The deepest undrifted snow reliably measured at a low level site in the U.K. was 83" at Forest-in-Teesdale in northeast England on March 14, 1947. The site rests at an elevation of 1305 feet and much deeper snow depths have been seen at mountain top sites like Ben Nevis (4406').

OTHER SNOWY PLACES

Prodigious snowfalls occur in high mountain areas all over the world, but by and large these places are uninhabited. Particularly snowy mountains include the Alps of the South Island of New Zealand above 3,000 to 4,000 feet. The southern tip of the Andes near Tierra del Fuego and Patagonia, in Chile and Argentina, experiences tremendous snow accumulations above the 3,000- to 4,000-foot level as do the southern flanks of the high Himalayas east of the 80° longitude.

Surprisingly, the arctic and Antarctic receive very small amounts of snowfall due to lack of atmospheric moisture. It is estimated, in fact, that the South Pole is one of the driest places on earth. It is impossible to actually measure precipitation here because of the high winds, but less than one-tenth of an inch of precipitation (just one or two inches of snow) probably falls on an annual basis.

P.S. For metric conversions please note that 1” is about 2.5 cm and one meter about 3.3 feet.

Christopher C. Burt
Weather Historian

KUDOS: Stephen Burt for U.K. snow information.

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11. est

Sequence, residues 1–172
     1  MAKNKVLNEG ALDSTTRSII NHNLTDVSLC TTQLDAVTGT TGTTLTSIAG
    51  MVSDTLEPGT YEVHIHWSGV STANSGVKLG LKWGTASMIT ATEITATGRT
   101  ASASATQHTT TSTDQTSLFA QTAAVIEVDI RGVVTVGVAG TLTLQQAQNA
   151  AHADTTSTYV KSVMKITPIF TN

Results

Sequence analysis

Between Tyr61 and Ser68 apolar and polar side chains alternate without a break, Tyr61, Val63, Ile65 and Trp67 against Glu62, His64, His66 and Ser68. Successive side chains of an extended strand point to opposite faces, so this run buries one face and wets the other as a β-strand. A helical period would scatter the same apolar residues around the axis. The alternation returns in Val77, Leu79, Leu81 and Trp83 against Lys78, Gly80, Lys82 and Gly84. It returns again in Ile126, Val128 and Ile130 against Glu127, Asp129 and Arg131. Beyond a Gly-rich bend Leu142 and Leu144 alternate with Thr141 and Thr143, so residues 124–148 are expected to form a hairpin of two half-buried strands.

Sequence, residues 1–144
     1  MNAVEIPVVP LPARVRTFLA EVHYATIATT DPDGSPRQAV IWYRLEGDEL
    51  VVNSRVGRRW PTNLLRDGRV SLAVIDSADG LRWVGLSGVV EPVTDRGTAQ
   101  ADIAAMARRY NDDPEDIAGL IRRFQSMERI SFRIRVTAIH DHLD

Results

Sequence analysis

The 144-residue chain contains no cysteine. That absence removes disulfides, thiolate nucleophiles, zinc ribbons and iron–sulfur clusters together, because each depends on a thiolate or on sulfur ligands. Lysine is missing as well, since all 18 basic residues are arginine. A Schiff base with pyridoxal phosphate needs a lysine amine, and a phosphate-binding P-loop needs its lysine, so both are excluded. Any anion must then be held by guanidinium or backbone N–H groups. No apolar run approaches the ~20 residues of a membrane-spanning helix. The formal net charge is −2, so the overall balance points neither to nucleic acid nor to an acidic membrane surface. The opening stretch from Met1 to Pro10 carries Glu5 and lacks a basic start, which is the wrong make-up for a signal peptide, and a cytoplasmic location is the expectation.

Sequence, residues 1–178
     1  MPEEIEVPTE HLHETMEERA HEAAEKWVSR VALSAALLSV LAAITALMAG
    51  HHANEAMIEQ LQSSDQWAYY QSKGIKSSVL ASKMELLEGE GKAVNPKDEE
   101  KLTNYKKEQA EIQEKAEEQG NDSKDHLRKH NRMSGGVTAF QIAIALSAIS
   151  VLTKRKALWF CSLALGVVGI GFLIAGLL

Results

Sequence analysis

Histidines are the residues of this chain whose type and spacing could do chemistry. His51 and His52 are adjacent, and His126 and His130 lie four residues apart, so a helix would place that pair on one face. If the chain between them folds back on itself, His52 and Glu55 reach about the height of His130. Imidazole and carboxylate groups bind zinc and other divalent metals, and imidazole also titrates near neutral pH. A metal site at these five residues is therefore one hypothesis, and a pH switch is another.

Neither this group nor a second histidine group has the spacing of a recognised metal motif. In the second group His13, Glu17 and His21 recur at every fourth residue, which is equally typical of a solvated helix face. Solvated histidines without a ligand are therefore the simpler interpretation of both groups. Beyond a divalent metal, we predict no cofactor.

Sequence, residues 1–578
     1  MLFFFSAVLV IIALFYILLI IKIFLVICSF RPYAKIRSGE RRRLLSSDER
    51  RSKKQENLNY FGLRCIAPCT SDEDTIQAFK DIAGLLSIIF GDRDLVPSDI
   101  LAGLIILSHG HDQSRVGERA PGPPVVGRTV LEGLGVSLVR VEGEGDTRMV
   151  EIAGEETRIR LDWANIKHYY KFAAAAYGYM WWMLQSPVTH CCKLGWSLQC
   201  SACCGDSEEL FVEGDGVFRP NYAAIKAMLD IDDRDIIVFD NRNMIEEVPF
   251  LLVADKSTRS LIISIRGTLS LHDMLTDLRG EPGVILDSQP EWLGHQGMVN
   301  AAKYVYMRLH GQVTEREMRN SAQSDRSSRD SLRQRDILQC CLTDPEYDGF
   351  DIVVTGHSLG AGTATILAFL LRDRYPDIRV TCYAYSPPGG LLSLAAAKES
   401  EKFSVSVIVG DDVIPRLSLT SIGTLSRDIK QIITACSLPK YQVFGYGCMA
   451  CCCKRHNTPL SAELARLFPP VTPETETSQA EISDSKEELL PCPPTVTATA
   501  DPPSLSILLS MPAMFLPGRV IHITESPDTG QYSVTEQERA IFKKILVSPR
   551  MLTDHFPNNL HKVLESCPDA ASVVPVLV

8:03 AM GMT on March 02, 2013
Hello
really interesting post, but on the European Alps there would still be something to say.
briefly:
snowiest areas, with the same altitude, are some of the mountains of Austria and Switzerland. Körbersee (Vorarlberg - A, 5495 ft) has 418.1 inches of snowfall on average (1981/2012), with a record of 945 inches in 1967. Grimsel Hospiz (VS - SWI, 6496 ft) has 496 inches of snowfall on average (1981/2010). Tauplitzalm (Steiermark - A, 5396 ft) has 442 inches of average (1981/2010). Above the 9800 ft average snowfall can exceed 65 ft (eg, the weather station of Sonnblick - 10,187 ft - has an average snowfall of 869.3 inches for the period 81/10). However snowy winters can hit also other sides of the Alps, and not only Austria and Switzerland. In 1950/51 many weather stations of the Italian Alps exceeded 65 ft of snowfall, with maximum snowdepth of more than 23 ft and a peak of 36.9 ft (meteorological station of Lago d'Avino, Piedmont). However, there is evidence of some nineteenth century winters with more snow.
Member Since: March 1, 2013 Posts: 0 Comments: 1
10. maxcrc
9:19 PM GMT on February 24, 2013
Amazingly, not even a mention to the snowiest places in Europe, which are all located in Norway with 12 meters of snow accumulation in average every season.
Check the pictures of Norway, they are not inferior to the ones of Japan.
Comparing Santis to some passes of Norway is like comparing an ant to an elephant.
Member Since: February 9, 2011 Posts: 0 Comments: 142
9. maxcrc
9:16 PM GMT on February 24, 2013
The snow accumulations of the past winters in the Alps was BY NO MEANS absolutely exceptional or minimally close to the accumulations of past winters.